And the Nominees Are...

Get a load of the nominees for our annual music awards extravaganza

RFT's annual music awards nominees

A to Z admires David Bowie for many things: his alien electronic experiments, his crunchy glam glitter riffs and, of course, his impeccable fashion sense. But for this column's purposes, we love the Thin White Duke for his infamous self-improvement couplet: "Time to face the strange/Ch-ch-changes."

In this case, A to Z likes to pretend he's referring to the RFT's annual music awards, a gala event whose timeline is a bit different than that of years past. The musical showcase this year will take place on Sunday, September 10, with a national headlining act to be announced in the coming weeks. We'll also be announcing the winners of the music awards in our annual Best of St. Louis issue on September 28.

But, of course, what hasn't changed is that these awards honor the best music St. Louis has to offer. You'll see some different nominees this year, along with old favorites. (And yes, genres are a sticky thing, so keep the outrage about choices to yourself; A to Z doesn't want to hear it. We laugh at the Grammys as much as you do.) So without further ado, here are this year's nominees, as chosen by a panel of local experts and myself:

Best Blues: Bennie Smith, Henry Townsend, Marquise Knox, Big George Brock, Soulard Blues Band

Best Club DJ: Kid Delicious, Flex Boogie, Mike Gow, Adrian Fox, Scotty Mac

Best Electronic: The Bureau, Femme Fatality, Superfun Yeah Yeah Rocketship, Murder Happens

Best Funk/R&B/Soul: Coultrain, Isis Jones, Kim Massie, the FuFops, LaMar Harris

Best Garage/Rockabilly: Gentleman Callers, Vultures, Johnny O & the Jerks, 7 Shot Screamers, Tripdaddys

Best Hard Rock/Metal: Head-On Collision, Ornament of Disgrace, Harkonin, Cross Examination, LoFreq

Best Hip-Hop Artist: Big Will/Da Slu Cru, Black Spade, Spaide R.I.P.P.E.R., Ruka Puff, Earthworms

Best Hip-Hop DJ: Needles, Crucial, Charlie Chan Soprano, Agile 1, Trackstar

Best Indie Band: Tight Pants Syndrome, Bunnygrunt, That's My Daughter, So Many Dynamos, Ghost in Light

Best Jam Band: Madahoochi, Dogtown Allstars, Fundamental Elements, Devon Allman's Honeytribe, the Schwag

Best Jazz Artist: Willie Akins, Erin Bode, Hamiet Bluiett, Dave Stone, Darin Gray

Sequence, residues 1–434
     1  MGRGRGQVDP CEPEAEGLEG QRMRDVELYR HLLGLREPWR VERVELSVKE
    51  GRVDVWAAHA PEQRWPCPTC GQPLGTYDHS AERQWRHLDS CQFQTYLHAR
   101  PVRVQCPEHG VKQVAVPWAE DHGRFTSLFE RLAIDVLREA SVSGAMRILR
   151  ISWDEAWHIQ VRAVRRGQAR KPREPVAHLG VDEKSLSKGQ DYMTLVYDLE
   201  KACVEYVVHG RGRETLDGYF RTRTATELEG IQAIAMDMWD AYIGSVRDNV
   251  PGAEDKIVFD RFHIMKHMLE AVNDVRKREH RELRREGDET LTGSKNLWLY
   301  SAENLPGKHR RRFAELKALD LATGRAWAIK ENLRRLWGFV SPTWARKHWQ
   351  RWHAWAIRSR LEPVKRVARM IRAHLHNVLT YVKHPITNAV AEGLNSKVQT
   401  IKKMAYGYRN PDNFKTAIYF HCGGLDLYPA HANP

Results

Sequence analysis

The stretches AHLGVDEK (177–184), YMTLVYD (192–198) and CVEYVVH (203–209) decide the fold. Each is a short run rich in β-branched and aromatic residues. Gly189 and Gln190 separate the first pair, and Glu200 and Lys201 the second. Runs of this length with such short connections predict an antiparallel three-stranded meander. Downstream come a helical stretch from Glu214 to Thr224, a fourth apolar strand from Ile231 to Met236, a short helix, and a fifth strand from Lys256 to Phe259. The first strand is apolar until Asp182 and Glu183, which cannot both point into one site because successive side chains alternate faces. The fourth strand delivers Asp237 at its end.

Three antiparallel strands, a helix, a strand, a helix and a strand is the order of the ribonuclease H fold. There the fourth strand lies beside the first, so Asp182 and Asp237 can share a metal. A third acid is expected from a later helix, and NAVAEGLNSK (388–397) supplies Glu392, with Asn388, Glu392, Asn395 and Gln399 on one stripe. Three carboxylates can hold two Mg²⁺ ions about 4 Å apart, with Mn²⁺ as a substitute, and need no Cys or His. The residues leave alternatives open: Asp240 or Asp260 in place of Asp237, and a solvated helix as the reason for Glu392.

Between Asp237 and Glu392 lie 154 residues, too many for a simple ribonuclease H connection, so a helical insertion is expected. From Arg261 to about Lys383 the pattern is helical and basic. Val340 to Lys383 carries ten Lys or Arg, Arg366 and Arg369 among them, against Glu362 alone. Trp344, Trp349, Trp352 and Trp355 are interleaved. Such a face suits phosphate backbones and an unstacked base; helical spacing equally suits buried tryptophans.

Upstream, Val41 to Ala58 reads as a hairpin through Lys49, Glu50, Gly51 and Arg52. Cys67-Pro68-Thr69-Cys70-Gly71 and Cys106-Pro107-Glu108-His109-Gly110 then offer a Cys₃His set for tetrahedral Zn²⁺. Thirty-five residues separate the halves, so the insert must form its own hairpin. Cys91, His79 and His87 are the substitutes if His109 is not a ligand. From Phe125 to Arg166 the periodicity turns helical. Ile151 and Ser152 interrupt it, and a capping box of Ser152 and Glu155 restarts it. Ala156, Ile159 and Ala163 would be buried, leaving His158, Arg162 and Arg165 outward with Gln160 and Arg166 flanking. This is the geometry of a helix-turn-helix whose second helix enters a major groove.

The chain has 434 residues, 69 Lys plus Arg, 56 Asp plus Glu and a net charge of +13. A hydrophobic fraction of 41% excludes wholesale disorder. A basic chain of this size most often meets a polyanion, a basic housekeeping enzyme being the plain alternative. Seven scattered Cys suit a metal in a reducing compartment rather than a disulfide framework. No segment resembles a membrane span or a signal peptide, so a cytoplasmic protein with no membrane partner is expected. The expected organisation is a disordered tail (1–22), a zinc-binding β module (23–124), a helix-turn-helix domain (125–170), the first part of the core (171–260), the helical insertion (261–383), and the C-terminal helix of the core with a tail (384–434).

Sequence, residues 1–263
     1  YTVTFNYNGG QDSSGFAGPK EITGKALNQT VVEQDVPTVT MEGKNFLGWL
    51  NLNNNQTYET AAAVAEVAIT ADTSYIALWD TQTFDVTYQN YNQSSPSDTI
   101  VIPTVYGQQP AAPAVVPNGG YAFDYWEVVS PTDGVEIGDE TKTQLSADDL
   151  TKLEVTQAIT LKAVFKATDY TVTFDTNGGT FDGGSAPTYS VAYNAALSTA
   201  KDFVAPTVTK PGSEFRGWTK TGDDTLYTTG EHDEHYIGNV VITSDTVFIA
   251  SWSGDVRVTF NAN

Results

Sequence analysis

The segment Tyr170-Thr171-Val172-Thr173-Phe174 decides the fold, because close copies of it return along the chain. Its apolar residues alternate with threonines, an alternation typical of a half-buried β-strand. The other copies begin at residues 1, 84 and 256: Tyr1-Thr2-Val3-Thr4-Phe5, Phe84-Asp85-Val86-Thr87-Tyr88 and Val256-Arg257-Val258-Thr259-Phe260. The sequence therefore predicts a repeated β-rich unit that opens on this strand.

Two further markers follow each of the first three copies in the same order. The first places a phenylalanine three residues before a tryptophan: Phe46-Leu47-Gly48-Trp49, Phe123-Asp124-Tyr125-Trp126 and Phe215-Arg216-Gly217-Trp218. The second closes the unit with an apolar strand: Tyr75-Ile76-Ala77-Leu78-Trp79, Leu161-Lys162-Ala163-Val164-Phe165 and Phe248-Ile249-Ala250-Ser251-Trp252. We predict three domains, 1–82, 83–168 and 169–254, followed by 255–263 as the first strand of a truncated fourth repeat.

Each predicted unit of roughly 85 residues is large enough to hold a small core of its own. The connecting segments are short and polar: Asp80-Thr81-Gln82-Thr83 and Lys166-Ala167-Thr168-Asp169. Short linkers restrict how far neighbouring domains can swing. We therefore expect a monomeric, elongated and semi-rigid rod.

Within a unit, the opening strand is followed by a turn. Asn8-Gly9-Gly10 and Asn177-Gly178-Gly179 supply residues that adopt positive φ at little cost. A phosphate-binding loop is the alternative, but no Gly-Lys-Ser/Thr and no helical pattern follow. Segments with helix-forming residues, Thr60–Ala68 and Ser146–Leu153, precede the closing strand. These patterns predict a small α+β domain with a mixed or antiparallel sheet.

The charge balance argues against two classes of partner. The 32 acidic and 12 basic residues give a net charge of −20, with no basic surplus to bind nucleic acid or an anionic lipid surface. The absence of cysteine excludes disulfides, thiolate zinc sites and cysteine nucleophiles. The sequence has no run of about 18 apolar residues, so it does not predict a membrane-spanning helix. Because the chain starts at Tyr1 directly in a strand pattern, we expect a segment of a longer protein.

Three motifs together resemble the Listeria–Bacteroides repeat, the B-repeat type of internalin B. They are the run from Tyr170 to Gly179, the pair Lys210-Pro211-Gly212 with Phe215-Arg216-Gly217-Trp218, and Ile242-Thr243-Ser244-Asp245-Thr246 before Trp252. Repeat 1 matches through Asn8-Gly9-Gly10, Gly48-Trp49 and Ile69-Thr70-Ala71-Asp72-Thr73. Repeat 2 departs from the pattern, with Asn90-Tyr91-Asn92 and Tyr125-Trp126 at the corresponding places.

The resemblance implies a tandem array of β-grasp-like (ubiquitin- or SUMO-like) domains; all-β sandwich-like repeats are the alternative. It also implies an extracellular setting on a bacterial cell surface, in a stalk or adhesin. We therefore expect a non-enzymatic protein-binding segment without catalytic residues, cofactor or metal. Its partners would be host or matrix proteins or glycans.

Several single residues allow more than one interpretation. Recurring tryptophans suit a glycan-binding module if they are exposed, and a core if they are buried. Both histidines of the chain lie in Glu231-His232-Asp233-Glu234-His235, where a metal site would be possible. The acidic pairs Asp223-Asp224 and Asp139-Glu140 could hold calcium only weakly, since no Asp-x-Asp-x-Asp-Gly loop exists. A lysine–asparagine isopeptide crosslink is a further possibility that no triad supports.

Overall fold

Best National Artist: Living Things, Son Volt/Jay Farrar, So They Say, Caleb Engstrom, Nelly

Best New Band: Finn's Motel, Est.1974, The Rats and People, Berlin Whale, James Will & the Engines of Creation

Best Noise/Experimental: Grand Ulena; Ring, Cicada; Conformists; Dancing Feet March to War; SkareKrau Radio

Best Punk: The Beating, Blacked Out, The Pubes, Sex Robots, Corbeta Corbata

Best Reggae/Ska: Murder City Players, MU330, Dub Kitchen, Dubtronix

Best Rock: Red Eyed Driver, Love Experts, LaPush, Riddle of Steel, Ludo

Best Roots/Americana: Bad Folk, Waterloo, Magnolia Summer, Dirty 30's, Bottle Rockets

Best Singer-Songwriter/Folk: Bob Reuter, Casey Reid, Joe Stickley, Jonathan Cour, Grant Essig

In show news, come to BB's Jazz, Blues & Soups (700 South Broadway; 314-436-5222) on Sunday, July 16, starting at 7 p.m. for the Bennie Smith and the St. Louis All Stars Legacy Concert. Smith was recently diagnosed with lung cancer, and the concert — which will feature Smith jamming with Rich McDonough, Tom Maloney and Gus Thornton, among others — is being held in honor the 72-year-old, who's been a fixture in the St. Louis scene for more than 50 years.

If you miss the jam on Sunday, though, fear not: It's going to be recorded for a future CD and DVD release. The latter is being produced by the St. Louis Blues Society and RFT staff writer Malcolm Gay, and will be part-documentary, part-concert film focusing on Smith and his legacy.

Also, A to Z ran out of room for Local Motion this week on the Critics' Picks page, but if we had the column inches, we'd be talking about the CD release party for Redding at the Ground Floor Club (215 East Main Street, Belleville, Illinois; 618- 277-1026) on Friday, July 14. The young quartet just released its self-titled debut this week, and the songs — which are full of feathery falsetto, mellow guitars and more earnestness than a poetry major's blog — resemble those of U.K. cuddle-poppers (Travis, Aqualung) and sensitive American rockers (Jimmy Eat World, Sense Field) alike. The show starts at 8 p.m. and costs $5.

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